I’m not really sure what you are asking for? Are you saying that people who start slow, don’t pedal hard and don’t take turns at the front should win races?
mbecks2 wrote:
Sat Jan 19, 2019 4:47 am
Just race on Zwift in whatever category you want. Don’t come here and look just look at results on Zwift. These guys are trying to be the authority on race fairness but it doesn’t work. I’m 80kg but how doesn’t anyone know that? You never will know for sure. Just like the guys who push 400 watts for 90 mins who say they are 60kg no one will ever know for sure. So why put yourself in or worry about a category that this site says you are. It doesn’t matter. No sense entering as a B and getting dropped right off the start and fading into the bottom of the B standings forever. Race in the C’s and take a shot at a few race wins. Zwift will not disqualify you and you’ll be listed as the winner if you do so. Until someone figures out a better way to verify these things it will always be a crapshoot filled with cheaters.
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Fozzzer wrote:
Sat Jan 19, 2019 12:48 am
I’m not really sure what you are asking for? Are you saying that people who start slow, don’t pedal hard and don’t take turns at the front should win races?
No, what I basicly meant was an improvement for the categories. If you notice the questions and if you do a little research on how it reallty works you will discover that the current system is not fair. I have been thinking and some slight changes could make it more competitive. Just define some sub-categories within the main categories and think about a matrix in which you group by weight and wattage. Also the type of course could be considered.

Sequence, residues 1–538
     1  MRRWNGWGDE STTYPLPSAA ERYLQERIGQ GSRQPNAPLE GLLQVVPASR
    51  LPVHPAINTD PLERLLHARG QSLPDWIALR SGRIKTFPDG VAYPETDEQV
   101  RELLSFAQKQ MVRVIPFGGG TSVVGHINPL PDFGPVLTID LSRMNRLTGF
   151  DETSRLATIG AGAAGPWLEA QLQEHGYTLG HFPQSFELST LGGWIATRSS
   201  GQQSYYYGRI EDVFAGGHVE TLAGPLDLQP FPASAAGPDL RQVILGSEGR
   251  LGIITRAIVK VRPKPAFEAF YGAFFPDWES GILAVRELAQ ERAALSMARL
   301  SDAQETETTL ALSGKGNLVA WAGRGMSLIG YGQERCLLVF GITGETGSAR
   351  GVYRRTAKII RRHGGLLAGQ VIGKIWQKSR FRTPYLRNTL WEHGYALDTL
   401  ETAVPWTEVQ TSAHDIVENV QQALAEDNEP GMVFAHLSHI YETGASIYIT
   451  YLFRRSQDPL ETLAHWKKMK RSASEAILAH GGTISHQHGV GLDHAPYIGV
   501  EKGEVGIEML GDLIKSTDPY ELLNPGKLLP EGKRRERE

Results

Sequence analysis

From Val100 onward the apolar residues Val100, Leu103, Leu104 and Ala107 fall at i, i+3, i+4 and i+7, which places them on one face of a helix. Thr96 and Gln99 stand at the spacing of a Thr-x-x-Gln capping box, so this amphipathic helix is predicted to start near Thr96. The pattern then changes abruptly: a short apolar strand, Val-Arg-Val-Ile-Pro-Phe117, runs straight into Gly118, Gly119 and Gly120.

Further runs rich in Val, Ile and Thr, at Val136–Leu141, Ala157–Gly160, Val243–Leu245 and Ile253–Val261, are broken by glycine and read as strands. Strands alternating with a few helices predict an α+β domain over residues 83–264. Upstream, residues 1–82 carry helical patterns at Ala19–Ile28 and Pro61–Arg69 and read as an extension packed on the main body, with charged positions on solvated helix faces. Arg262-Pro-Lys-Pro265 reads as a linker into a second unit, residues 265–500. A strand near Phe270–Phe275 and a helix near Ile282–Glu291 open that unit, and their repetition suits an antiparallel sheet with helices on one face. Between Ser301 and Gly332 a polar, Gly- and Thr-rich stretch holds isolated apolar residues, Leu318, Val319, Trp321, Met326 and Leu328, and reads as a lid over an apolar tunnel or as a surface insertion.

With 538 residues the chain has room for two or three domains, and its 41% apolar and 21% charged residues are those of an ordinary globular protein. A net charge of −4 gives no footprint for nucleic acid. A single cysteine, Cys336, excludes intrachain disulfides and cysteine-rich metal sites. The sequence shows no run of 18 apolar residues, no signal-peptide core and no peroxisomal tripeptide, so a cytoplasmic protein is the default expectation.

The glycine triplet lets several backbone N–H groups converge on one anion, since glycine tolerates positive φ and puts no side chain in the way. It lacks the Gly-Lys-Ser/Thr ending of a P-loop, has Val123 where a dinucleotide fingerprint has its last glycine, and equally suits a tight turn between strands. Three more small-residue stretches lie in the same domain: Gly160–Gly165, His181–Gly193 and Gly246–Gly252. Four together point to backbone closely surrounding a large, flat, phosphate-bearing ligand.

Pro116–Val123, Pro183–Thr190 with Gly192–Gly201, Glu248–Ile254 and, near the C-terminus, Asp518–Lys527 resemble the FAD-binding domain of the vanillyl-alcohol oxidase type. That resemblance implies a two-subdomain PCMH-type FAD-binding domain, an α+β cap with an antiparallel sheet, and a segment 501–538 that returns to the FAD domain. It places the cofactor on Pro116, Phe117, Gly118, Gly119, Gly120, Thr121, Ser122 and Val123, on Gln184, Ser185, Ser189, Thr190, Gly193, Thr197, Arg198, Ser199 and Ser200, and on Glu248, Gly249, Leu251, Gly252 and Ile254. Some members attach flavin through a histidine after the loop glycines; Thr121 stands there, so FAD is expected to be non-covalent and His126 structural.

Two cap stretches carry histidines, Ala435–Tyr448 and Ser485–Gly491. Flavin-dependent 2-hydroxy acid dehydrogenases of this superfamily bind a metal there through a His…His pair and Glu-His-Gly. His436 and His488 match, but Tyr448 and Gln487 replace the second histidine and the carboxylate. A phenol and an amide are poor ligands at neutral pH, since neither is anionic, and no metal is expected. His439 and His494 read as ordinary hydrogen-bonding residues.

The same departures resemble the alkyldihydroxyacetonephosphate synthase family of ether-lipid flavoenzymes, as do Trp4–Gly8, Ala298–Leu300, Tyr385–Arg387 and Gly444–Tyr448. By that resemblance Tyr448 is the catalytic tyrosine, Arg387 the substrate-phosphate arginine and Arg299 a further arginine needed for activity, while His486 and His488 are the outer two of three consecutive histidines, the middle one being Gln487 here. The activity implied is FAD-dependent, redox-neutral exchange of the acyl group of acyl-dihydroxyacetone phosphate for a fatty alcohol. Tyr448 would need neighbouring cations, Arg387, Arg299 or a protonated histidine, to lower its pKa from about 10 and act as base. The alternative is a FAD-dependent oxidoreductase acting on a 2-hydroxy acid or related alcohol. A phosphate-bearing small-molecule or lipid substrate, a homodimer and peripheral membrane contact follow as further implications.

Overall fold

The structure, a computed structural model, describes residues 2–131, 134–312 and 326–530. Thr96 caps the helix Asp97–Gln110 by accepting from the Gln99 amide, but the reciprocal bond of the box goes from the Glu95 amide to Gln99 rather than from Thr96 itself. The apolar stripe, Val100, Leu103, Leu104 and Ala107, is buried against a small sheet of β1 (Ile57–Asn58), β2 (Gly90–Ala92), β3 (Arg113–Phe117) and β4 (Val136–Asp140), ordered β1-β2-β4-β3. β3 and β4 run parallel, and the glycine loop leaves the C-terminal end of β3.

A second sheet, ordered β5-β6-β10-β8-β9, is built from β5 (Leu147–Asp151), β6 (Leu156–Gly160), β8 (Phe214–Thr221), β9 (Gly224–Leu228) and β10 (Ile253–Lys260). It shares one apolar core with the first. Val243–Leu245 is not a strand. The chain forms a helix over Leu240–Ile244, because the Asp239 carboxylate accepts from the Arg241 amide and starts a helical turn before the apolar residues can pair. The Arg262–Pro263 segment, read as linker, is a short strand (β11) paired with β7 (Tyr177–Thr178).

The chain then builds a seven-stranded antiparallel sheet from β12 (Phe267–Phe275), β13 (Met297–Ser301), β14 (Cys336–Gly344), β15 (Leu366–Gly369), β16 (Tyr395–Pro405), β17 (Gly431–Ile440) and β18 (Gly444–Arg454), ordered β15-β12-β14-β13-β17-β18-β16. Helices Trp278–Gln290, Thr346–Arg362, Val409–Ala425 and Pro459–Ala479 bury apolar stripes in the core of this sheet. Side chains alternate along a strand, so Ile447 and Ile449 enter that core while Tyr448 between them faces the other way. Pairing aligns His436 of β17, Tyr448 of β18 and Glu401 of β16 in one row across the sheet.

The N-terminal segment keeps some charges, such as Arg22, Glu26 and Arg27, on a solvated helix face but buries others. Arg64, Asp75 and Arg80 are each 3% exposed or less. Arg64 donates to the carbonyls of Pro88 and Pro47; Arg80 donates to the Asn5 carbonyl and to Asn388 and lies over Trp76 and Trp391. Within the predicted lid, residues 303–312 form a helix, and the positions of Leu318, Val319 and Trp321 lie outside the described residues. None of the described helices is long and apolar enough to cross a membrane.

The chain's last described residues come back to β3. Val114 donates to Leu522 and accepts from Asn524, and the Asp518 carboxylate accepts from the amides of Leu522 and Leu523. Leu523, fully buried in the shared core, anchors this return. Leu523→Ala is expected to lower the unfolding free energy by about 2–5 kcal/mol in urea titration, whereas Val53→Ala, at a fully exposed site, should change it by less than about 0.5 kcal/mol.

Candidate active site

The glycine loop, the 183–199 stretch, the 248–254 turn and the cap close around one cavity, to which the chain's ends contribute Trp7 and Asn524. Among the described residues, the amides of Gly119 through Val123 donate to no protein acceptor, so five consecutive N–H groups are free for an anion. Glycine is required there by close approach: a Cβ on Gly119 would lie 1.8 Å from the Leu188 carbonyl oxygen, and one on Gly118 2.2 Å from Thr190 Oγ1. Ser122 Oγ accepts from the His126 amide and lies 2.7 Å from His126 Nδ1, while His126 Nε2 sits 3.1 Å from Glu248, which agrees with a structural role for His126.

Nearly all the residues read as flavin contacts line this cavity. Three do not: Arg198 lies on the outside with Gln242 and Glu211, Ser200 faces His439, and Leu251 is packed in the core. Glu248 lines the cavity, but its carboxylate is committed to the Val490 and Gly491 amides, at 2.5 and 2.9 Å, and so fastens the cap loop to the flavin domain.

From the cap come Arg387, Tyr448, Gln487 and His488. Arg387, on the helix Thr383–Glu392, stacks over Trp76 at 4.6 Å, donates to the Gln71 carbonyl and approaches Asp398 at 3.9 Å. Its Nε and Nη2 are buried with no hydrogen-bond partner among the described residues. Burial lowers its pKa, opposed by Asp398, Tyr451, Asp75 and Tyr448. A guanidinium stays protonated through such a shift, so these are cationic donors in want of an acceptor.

For example, on a moderate hilly course a high-end lightweight rider will likely perform the same as a low-end heavy rider. The first wins on the climbs and the second wins on the flats. But on a course like Road to Sky, the value for w/kg will be dominant in the result. But on a course like Volcano Circuit the raw wattage will win it.
“FTP is considered to be your maximum average over an hour”

It most certainly is not. Andy Coggan has been strenuous in correcting people on that misinterpretation but people will stick to their beliefs even in the face of categorical facts from the original source

“95% of 20 mins can be considered as a well prediction of this value. However, it is quite important that the effort is steady and your muscles are free of stress of any other previous effort”

Again, wrong. The 20-min FTP test has a very specific protocol, which includes an all-out 5-minute effort to remove freshness from the legs. Without it, the 20-min average will not give an accurate estimate. And that’s directly from Hunter Allen, the source of the test.

So, within a race, any given best 20-min window is liable to report an effort just above FTP because of the high start, unsteady power, etc. A whole race cannot be taken to be FTP, more likely at least 5% under, unless it’s a 40km TT.